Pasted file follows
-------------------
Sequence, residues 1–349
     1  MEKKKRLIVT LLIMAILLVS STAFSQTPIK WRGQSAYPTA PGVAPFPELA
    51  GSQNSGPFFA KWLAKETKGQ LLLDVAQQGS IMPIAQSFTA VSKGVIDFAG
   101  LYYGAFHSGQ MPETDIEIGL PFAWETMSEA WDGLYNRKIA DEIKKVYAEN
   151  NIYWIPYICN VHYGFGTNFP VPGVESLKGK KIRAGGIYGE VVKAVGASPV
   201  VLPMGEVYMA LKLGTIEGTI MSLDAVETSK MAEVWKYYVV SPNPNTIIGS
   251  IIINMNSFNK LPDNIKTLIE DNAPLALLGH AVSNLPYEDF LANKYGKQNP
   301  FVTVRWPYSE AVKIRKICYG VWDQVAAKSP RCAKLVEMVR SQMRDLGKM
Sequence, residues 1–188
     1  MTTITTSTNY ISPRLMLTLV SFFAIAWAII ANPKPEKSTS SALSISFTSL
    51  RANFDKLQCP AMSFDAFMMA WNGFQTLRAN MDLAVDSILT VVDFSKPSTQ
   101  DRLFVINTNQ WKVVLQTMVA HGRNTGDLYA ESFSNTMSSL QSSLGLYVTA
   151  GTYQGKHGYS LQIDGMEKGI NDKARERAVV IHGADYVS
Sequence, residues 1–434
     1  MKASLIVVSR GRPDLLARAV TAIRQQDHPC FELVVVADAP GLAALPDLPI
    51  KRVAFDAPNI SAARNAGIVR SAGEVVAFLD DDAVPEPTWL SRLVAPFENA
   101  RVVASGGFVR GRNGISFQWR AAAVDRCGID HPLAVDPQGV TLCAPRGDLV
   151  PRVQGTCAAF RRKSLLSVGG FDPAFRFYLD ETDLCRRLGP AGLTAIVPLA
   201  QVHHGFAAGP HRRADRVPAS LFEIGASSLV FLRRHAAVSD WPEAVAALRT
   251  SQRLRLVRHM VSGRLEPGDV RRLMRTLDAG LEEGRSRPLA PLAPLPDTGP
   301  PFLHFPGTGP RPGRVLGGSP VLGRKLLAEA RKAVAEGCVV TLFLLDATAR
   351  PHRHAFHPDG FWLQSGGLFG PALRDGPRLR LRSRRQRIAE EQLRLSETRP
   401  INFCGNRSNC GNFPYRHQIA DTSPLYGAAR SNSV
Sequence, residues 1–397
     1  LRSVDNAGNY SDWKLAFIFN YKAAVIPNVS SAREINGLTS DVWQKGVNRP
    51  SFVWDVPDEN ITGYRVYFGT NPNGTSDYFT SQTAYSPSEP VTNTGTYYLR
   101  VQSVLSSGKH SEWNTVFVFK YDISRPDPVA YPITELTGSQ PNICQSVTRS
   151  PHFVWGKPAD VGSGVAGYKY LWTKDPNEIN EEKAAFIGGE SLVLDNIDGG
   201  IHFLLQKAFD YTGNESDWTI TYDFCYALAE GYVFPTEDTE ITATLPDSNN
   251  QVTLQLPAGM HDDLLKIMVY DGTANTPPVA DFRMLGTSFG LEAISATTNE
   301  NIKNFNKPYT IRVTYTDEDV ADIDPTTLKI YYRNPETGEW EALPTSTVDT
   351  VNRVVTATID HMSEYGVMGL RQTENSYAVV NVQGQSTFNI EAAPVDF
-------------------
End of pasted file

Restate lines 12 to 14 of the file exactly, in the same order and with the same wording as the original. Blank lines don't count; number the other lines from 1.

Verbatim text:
   101  DRLFVINTNQ WKVVLQTMVA HGRNTGDLYA ESFSNTMSSL QSSLGLYVTA
   151  GTYQGKHGYS LQIDGMEKGI NDKARERAVV IHGADYVS
Sequence, residues 1–434